What Is Hemophilia?
We understand the challenges faced by someone living with hemophilia. People with hemophilia have low levels of a protein called clotting factor, which is essential for blood clotting. This inability to clot results from a problem in a person's DNA that appears in approximately 1 case in every 5,000 male births.1 Hemophilia treatment has come a long way in the past few decades, but we still have a long way to go. It is estimated that across the globe only about a quarter of the approximately 400,000 people with hemophilia receive the treatment they need.2
There are two types of congenital hemophilia, which means that people are born with them: hemophilia A and hemophilia B. Hemophilia A is caused by a lack of factor VIII, and hemophilia B is caused by a deficiency of factor IX. These factors are proteins that help the body control bleeding by forming functional blood clots. Without these blood-clotting factors, a person can have uncontrolled internal bleeding, which may occur following an injury or surgery. In the most severe form of hemophilia, bleeds can, at times, occur without obvious injury. Depending on the site in the body, these bleeds can result in severe joint, brain, and organ damage.1
Another type of hemophilia is acquired hemophilia. Acquired hemophilia is rare, though possibly life-threatening, and caused by the development of autoantibodies (inhibitors) against blood coagulation factors. Unlike congenital hemophilia, acquired hemophilia is typically found in older adults, and occurs in both men and women. Also, the pattern of bleeding seen in acquired hemophilia is different from that observed in the more common congenital form. In acquired hemophilia, people typically bleed into the skin, muscles, and soft tissues, as opposed to bleeding into joints, which is more typical in congenital hemophilia.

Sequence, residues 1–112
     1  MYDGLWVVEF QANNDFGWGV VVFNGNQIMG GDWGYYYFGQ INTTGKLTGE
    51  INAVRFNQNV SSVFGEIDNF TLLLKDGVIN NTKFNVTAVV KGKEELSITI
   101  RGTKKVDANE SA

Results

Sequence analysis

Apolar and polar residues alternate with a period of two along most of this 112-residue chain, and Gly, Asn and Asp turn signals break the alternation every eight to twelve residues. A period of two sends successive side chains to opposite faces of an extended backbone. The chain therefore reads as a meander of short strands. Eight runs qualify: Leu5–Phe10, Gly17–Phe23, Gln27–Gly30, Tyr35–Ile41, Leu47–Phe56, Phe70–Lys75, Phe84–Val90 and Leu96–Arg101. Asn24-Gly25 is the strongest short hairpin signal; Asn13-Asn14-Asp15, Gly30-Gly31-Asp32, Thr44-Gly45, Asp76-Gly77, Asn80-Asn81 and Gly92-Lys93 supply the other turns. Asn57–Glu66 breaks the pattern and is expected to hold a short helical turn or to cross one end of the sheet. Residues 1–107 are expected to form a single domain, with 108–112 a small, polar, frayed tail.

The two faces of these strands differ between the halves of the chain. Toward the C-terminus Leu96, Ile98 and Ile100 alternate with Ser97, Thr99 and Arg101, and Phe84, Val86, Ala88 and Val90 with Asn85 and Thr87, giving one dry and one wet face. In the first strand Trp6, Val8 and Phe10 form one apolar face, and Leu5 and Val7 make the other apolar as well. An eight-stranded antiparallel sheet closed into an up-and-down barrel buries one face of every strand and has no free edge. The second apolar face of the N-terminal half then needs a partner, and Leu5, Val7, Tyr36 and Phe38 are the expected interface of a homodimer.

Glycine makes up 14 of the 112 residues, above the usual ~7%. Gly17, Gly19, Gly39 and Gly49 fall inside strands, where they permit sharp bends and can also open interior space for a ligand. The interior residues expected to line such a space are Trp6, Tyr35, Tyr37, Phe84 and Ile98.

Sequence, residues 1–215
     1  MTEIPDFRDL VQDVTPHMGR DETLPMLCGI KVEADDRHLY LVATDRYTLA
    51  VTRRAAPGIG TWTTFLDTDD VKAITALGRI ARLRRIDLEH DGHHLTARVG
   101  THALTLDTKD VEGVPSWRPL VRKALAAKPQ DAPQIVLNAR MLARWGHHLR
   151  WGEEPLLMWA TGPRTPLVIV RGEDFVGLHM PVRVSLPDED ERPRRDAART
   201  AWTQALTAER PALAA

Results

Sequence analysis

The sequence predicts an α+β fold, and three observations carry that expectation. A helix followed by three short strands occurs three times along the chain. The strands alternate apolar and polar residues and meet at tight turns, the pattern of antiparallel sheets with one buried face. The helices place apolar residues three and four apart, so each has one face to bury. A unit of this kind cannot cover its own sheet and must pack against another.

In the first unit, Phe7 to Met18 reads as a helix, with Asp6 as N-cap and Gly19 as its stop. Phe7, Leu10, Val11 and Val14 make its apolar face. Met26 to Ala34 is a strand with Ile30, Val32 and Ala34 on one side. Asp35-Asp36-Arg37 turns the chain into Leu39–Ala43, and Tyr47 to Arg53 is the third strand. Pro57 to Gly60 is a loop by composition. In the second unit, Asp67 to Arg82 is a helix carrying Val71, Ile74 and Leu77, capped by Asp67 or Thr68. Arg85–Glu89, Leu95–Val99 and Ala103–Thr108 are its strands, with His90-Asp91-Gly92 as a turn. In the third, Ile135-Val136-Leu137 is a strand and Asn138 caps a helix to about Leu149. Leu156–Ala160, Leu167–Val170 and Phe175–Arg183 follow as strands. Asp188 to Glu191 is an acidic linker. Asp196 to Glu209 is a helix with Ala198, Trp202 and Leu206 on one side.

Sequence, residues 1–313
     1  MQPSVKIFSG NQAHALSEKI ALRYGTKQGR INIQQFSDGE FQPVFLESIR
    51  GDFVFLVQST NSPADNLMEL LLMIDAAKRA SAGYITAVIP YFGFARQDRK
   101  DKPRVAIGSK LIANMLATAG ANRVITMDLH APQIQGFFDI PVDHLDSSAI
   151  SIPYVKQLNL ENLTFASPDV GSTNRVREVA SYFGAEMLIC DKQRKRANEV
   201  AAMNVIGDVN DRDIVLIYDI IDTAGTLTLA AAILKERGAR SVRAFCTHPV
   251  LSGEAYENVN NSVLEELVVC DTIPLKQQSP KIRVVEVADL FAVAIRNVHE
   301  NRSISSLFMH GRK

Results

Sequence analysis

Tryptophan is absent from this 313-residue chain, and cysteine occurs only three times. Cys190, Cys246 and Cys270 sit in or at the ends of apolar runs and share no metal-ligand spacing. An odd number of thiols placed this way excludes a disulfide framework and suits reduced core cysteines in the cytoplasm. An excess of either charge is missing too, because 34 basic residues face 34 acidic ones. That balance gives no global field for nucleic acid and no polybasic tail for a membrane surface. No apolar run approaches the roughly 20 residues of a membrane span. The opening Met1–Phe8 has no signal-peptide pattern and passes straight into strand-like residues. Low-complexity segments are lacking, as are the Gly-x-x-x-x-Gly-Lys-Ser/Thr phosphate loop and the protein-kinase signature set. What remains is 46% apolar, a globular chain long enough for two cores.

Bleeding episodes are treated with clotting factor replacement therapies that have been approved by regulatory agencies. These factor replacement therapies are either taken from human blood plasma (plasma-derived products) or are made using genetically engineered cells that carry a human factor gene (recombinant products). Due to certain properties of clotting factors, all factor replacement therapies are currently administered intravenously, directly into a vein.3
Additionally, therapy for hemophilia can either be on demand, to control a bleeding episode, or prophylactic, to avoid spontaneous bleeding episodes, with factor product administered on a regular schedule. There is a growing amount of information suggesting that prophylactic treatment of hemophilia can prevent permanent joint damage and allow people to live more normal, productive lives.4 Therefore, providing an easy and convenient product intended for prophylactic treatment would be a major breakthrough in improving treatment accessibility for people with hemophilia.
For more information about hemophilia and its treatments, please visit:
- World Federation of Hemophilia
- National Hemophilia Federation
- The Coalition for Hemophilia B
- Hemophilia Federation of America